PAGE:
Enjoyable but indulgent
|Hershey Felder presents|
Review by Lauren Whalen
According to the three men of Baritones Unbound, the baritone is a rare bird. He (for the occasional female baritone isn’t taken into account here) sings in a range that’s below the otherworldly tenor but above the rock-bottom bass. Essentially, Baritones Unbound claims, the baritone is the earth. He’s the one with feet firmly planted on the ground, whose music speaks to the common folk, the base emotions of love and pain, the feelings hidden in the depths of those who appear angelic and those who project a villainous air. At its heart, Baritones Unbound is genuine. As a performance, it’s superb. As a concept and a production, it’s a little thin and a lot indulgent.
Celebrated baritones Mark Delavan, Nathan Gunn and Marc Kudisch (the latter is also a co-creator) uncover the history of the baritone, from the days of competing with boy sopranos (and castrati) to the modern-day tunes of superstars like Josh Groban, by way of Mozart, Rodgers and Hammerstein and everyone in between. The trio claims that the baritone is underrated, often ignored, but gets to the heart of human emotion like no other vocal range. Using various wigs, props and costumes, and supported by music director and accompanist Timothy Splain, the three baritones are lively and game tour guides, taking the audience through hundreds of years at a time, in a few well-paced and gorgeously performed tunes.
Baritones Unbound is clearly a passion project – and a well-funded one at that. Producer and performer Hershey Felder has brought the show to the Royal George Theatre as part of his new series for the venue. Baritones Unbound has enjoyed successful runs in Boston and San Francisco, and the opening day crowd at the Royal George was warm, receptive and enthusiastic. Like the Broadway and opera professionals they are, the three baritones expertly played with the crowd, riffing with each other in between canned dialogue and tuneful renditions.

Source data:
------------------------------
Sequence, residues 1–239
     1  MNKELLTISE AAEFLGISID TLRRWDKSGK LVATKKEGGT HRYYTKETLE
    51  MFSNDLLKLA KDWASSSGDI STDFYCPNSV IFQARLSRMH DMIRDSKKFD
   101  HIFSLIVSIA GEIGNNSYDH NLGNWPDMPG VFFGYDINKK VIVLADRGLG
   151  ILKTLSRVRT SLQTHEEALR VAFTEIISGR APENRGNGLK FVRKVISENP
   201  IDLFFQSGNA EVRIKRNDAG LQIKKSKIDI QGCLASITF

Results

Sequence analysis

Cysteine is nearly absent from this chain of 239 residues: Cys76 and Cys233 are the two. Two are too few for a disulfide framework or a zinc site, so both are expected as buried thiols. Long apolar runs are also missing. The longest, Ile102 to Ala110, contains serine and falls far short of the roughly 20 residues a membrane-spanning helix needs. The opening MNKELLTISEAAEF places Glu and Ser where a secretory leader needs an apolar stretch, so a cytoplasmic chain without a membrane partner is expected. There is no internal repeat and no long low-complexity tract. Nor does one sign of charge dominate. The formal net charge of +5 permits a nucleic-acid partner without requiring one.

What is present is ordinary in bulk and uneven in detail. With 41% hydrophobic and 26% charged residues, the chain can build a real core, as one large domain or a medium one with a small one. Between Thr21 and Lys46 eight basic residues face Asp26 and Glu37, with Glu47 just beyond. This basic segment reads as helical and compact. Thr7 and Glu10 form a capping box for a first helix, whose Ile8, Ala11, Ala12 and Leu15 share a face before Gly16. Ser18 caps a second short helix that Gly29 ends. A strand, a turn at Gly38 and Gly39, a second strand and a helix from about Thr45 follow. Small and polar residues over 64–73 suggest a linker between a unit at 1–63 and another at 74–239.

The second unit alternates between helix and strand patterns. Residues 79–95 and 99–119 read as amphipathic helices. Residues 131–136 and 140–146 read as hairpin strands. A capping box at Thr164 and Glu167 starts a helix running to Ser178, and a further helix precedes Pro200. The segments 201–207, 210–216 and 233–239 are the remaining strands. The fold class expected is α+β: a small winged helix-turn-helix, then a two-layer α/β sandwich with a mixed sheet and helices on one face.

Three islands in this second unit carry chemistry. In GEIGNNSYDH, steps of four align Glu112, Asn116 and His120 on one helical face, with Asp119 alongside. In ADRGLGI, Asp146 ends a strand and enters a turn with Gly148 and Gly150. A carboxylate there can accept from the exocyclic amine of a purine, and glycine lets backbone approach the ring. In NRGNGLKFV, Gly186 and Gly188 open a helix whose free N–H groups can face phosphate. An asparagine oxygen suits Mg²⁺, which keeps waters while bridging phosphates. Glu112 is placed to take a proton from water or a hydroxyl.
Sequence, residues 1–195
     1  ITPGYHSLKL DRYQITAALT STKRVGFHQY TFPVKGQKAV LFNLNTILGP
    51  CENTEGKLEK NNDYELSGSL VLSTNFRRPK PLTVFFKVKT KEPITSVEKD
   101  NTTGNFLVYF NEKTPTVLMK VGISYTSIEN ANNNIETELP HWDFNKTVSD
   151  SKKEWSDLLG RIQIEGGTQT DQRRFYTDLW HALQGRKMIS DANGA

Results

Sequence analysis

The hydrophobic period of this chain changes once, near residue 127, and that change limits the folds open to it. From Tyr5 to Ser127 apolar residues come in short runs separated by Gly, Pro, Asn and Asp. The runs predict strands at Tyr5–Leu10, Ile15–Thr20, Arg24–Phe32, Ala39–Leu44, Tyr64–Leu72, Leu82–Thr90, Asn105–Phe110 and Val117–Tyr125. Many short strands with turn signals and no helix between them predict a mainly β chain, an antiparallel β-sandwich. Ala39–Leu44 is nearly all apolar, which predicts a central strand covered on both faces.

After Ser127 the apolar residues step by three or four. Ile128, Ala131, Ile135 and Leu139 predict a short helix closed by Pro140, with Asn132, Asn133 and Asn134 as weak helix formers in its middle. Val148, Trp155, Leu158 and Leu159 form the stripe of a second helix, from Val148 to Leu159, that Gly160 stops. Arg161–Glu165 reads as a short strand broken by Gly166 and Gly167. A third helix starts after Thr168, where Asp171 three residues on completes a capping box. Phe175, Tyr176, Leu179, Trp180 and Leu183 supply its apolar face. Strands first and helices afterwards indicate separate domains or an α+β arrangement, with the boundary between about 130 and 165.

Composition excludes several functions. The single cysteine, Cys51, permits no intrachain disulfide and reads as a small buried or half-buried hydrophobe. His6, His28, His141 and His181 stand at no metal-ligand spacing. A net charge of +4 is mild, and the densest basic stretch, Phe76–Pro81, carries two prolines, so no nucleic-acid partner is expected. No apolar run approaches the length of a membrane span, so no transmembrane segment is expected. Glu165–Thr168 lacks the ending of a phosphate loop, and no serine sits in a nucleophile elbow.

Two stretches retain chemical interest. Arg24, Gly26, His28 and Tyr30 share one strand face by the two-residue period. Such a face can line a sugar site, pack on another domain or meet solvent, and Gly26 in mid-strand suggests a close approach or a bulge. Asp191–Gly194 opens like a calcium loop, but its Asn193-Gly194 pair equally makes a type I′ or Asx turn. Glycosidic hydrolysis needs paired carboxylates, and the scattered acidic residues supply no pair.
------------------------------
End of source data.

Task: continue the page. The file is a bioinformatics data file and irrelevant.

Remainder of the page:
Quality-wise, I have no issues with Baritones Unbound. Broadway veteran Kudisch and opera superstars Gunn and Delavan (Gunn’s handsome looks and smooth voice have earned him the monikers “Barihunk” and “Hunkitone”) are simply stunning from beginning to end. Their opening trio of “Some Enchanted Evening” from South Pacific is nothing short of breathtaking, and they know their way around everything from classical to musical theater to pop. Other highlights include an aria from The Magic Flute (the character of Papageno is considered the first major baritone role) and the stirring Act One finale, the soulful “Lonely Room” from Oklahoma.
However, at two and a half hours, Baritones Unbound is easily an hour too long and the second half especially drags. It’s during these slower moments that Baritones especially feels indulgent, and I found myself questioning why such a show has to exist at all. Certainly Delavan, Gunn and Kudisch are phenomenal singers, but seeing three white men talk about feeling marginalized gets a little ridiculous at times. This blithe disregard of privilege is most evident when the baritones perform “Old Man River” – yes, the iconic song from Show Boat that was not only written for a man of color, but is all about marginalization at the hands of Caucasians. Hearing this song come out of the mouths of three white men feels wrong.
Baritones Unbound is a beautifully produced and performed mixed bag. It’s a fun idea and a collection of wonderful songs rendered by three of the musical world’s best and brightest. It’s also occasionally dated and clueless, not to mention lengthy. If I were only reviewing the three performers, I’d easily give them four stars, but the source material and concept of Baritones Unbound gives me pause.
Baritones Unbound continues through January 3rd at Royal George Theatre, 1641 N. Halsted (map), with performances Wednesdays and Thursdays at 7:30pm, Fridays 8pm, Saturdays 3pm and 8pm, Sundays 3pm. Tickets are $60, and are available by phone (312-988-9000) or through Ticketmaster.com (check for half-price tickets at Goldstar.com). More information and a full schedule can be found at TheRoyalGeorgeTheatre.com. (Running time: 2 hours 30 minutes, includes an intermission)
Photos by Chuck Osgood
behind the scenes
David Dower (director), Marc Kudisch (concept, co-creator), Merwin Foard, Jeff Mattsey, Timothy Splain (co-creators), Hershey Felder (scenic design, producer), Christopher Ash (lighting design), Erik Carstensen (sound design, line producer), Trevor Hay (production artist), Rebecca Peters, Brett Taylor (production stage managers), Chuck Osgood (photos)